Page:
A Polish official said that Germany could owe his country $850 billion for the damage it inflicted during World War II. Arkadiusz Mularczyk is leading a team in the parliament that is assessing potential reparations to Poland. Germany killed 6 million Polish citizens and caused great material losses during its nearly six-year occupation of Poland. Last year, Poland’s ruling conservative-nationalist Law and Justice Party said the nation deserves compensation for its losses and set up a team of lawmakers under Mularczyk’s leadership to estimate how much is due. To date, Poland has not made an official demand. Germany has repeatedly said there is no legal basis for Poland’s reparation claims because the matter was settled in a 1953 agreement.— The Times of Israel, 3/2/2018
Millionaires from Russia to Norway and the U.S. are seeking to take advantage of Italy’s low tax rates for the super-rich. In an effort to attract capital, Italy unveiled a measure last year allowing ultra-wealthy individuals taking up residency to pay a flat tax of 100,000 euros ($123,000) a year, regardless of their income.
Around 150 people, including some with a wealth of above the “hundreds of millions,” inquired about the measure, Fabrizio Pagani, head of the office of the Minister of Economy and Finance said in an interview in London. Italy, which is struggling to accelerate the recovery after years of recession, is racing to attract wealthy foreigners to boost the economy with investments, consumption and fresh capital.
Countries such as Portugal have already been successful in luring high-net-worth individuals, offering tax benefits in an effort to shore up public finances. Under the tax measure, individuals are expected to move their residencies to Italy. Pagani said Milan, Venice and the glamorous area around the lakes at the foot of the Alps may become even wealthier. — Bloomberg, 2/26/2018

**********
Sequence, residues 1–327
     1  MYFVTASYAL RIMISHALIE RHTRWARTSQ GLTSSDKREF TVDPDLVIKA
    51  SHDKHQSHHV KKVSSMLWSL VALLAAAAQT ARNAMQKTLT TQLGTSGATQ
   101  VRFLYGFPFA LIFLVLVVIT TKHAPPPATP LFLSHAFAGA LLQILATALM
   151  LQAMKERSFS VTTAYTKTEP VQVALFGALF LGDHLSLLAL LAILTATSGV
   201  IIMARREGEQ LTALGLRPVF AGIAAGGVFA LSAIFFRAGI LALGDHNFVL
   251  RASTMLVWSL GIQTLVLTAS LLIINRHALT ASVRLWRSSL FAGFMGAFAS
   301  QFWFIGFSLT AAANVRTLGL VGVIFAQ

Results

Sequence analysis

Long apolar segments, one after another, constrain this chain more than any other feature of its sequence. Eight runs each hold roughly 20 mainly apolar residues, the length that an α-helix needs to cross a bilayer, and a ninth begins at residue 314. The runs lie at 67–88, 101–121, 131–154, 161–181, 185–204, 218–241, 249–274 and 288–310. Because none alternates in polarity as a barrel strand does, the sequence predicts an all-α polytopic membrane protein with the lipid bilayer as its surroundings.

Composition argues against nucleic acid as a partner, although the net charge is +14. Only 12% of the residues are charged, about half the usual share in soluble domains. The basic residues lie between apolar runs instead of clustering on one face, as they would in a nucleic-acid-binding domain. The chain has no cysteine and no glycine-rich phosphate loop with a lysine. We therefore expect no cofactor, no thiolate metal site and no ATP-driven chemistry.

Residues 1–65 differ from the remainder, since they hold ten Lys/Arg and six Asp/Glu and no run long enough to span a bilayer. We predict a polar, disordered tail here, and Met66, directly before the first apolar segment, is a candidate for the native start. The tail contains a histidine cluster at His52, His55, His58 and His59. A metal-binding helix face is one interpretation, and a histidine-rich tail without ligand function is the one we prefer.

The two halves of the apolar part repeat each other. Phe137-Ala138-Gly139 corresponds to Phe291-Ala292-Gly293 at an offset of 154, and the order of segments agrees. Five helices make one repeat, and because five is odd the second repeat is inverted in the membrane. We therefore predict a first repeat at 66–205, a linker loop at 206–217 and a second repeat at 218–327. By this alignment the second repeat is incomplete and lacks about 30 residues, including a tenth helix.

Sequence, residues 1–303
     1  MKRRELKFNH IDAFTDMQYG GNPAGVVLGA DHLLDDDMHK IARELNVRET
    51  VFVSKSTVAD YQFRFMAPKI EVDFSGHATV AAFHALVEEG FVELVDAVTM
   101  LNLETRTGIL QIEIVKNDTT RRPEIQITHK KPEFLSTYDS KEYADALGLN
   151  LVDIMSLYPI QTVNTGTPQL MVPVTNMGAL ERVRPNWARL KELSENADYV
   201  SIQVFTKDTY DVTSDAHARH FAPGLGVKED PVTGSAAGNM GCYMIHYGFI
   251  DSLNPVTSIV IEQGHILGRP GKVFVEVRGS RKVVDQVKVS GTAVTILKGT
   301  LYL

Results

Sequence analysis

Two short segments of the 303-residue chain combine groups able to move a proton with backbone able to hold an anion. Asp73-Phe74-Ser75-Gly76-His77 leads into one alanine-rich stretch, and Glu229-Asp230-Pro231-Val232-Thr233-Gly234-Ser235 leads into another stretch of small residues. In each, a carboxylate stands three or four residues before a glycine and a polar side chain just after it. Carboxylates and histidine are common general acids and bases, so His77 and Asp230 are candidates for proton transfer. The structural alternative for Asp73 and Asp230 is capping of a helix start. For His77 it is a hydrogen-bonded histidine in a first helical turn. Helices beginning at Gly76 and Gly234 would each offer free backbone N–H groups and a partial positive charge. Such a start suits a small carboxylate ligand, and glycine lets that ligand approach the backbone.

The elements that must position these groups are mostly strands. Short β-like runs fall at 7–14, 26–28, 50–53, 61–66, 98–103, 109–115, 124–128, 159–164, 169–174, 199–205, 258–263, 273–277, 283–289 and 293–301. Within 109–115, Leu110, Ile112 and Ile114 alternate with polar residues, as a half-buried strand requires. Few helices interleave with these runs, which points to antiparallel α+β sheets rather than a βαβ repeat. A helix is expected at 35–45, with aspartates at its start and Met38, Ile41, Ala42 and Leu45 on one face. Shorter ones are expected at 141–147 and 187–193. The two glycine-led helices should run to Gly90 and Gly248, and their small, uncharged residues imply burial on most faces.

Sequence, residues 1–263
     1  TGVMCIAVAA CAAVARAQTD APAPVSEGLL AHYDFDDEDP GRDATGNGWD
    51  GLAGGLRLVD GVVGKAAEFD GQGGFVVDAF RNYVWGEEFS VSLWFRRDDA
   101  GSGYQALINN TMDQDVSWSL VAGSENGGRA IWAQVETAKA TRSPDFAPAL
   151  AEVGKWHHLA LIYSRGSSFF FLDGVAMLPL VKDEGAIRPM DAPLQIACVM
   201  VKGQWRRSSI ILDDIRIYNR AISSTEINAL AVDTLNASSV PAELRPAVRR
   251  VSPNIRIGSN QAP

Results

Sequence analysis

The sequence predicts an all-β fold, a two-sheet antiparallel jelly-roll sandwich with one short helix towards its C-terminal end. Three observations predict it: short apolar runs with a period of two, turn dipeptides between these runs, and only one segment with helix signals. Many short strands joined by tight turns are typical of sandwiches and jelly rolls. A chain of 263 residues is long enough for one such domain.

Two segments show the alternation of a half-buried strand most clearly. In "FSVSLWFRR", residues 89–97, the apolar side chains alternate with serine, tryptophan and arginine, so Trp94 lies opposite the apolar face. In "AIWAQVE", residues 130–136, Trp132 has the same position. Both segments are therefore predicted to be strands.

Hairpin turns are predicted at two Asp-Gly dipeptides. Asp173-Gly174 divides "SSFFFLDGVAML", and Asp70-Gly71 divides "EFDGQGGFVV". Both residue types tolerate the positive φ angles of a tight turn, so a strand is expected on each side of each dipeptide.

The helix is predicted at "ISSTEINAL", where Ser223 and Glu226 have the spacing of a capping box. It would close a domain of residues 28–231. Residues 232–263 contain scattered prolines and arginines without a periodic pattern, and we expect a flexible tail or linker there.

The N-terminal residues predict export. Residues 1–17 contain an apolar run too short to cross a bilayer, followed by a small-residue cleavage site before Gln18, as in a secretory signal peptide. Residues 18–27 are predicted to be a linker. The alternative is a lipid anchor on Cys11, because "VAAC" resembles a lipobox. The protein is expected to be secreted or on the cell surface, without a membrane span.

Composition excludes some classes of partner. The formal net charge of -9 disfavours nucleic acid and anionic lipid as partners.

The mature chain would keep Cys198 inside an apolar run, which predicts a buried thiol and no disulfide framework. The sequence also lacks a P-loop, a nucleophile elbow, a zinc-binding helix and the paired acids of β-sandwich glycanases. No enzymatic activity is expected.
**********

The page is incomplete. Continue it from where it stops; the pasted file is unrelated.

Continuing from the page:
Craig Wright, the self-proclaimed inventor of bitcoin, is accused of swindling more than $5 billion worth of the cryptocurrency and other assets from the estate of a computer-security expert. Wright, who claimed in 2016 that he created the computer-based currency under the pseudonym Satoshi Nakamoto, allegedly schemed to use phony contracts and signatures to lay claim to bitcoins mined by colleague Dave Kleiman, another cryptocurrency adherent, who died in 2013, according to a lawsuit filed by Kleiman’s brother. — Crypto, 2/26/2018
$2.2 million — the amount the US Federal Government loses per minute. It spends far more on defense, Social Security, Medicare and other entitlement programs than it collects in taxes and interest. — 2017 Financial Report of the United States Government
Israel’s Central Bureau of Statistics released data regarding the country and its population. As 2018 begins, some 8,793,000 people currently reside in Israel. Of those residents, 6,556,000 are Jewish, making up 75 percent of the populace. As for the
country’s non-Jewish population, 1,837,000 are Arabs, making up 21 percent of the total population. 400,000, meanwhile, are non-Arab Christians and people who are not classified by religion in the census, making up 4 percent of the population.